In some respects, this is similar to what started to happen in the retail sector many years ago.
The bigger suprmarket chains started to look at how to cut prices and deliver more; scale is key, but also making sure that the technology is used to its maximum capability to deliver efficiencies. However, they also found that they could "persuade" suppliers to do similar things; upscale production, cut costs, deliver more for less.
Those that did well, bought out the smaller players or the ones that couldn't / didn't keep up. Remember names like Fine Fare, International, David Greig, Gateway, Ford & Lock, Victor Value, et al. In most cases, it was simply a quick way to expand, to get more customers and sell more to squeeze the supplier.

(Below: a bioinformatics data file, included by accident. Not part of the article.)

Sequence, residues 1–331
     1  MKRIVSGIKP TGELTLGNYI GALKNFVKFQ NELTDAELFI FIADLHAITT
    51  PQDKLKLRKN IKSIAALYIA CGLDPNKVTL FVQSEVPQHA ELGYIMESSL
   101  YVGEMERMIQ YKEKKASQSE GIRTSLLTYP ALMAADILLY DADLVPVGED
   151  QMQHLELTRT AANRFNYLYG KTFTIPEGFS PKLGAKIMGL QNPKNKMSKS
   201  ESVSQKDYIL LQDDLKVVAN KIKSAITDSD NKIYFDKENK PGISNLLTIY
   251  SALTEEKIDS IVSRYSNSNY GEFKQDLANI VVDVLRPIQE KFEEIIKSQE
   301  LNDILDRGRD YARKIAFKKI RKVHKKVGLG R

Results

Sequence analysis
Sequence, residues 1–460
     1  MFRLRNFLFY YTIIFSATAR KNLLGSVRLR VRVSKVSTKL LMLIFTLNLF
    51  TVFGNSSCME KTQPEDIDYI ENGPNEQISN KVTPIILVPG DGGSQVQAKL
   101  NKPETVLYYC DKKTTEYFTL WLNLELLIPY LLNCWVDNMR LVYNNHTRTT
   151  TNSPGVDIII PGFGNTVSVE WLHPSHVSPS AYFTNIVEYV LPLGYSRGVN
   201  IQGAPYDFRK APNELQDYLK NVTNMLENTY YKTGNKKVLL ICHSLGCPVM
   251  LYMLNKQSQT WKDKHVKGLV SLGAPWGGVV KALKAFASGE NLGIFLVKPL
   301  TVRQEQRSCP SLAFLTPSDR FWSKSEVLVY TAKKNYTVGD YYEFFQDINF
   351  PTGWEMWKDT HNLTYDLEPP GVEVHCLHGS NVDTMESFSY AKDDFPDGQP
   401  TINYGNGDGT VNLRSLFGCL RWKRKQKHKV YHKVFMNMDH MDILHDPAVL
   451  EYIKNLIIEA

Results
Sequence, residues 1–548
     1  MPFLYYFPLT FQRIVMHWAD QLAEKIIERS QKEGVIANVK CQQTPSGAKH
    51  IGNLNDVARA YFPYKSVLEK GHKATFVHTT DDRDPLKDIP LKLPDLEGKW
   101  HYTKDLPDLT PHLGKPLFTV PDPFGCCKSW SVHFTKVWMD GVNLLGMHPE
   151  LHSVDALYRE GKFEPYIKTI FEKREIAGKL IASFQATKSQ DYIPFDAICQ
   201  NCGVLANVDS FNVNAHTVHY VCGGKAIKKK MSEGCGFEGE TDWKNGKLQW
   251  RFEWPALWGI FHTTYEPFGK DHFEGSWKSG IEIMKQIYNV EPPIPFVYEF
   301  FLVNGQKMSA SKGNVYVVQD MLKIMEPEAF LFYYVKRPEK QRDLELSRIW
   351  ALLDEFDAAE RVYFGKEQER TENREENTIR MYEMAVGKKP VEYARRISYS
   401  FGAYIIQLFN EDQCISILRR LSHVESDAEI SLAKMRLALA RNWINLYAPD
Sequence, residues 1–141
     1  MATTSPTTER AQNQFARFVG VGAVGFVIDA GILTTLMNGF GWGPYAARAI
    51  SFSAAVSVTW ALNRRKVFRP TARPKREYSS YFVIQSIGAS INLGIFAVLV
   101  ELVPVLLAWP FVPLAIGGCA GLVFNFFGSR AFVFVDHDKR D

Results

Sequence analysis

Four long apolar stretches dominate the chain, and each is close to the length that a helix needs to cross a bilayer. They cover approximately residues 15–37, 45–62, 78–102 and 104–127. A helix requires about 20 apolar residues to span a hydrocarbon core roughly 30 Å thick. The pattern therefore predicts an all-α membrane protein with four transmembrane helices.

To begin with, the winner is the consumer; they get a great deal at a good price funded by squeezed margins. However, there always comes a point where the cuts are too deep and businesses are not making a profit. You can survive for a while, but as a business model, running without making a profit is insane.
It will be interesting to see how far this develops.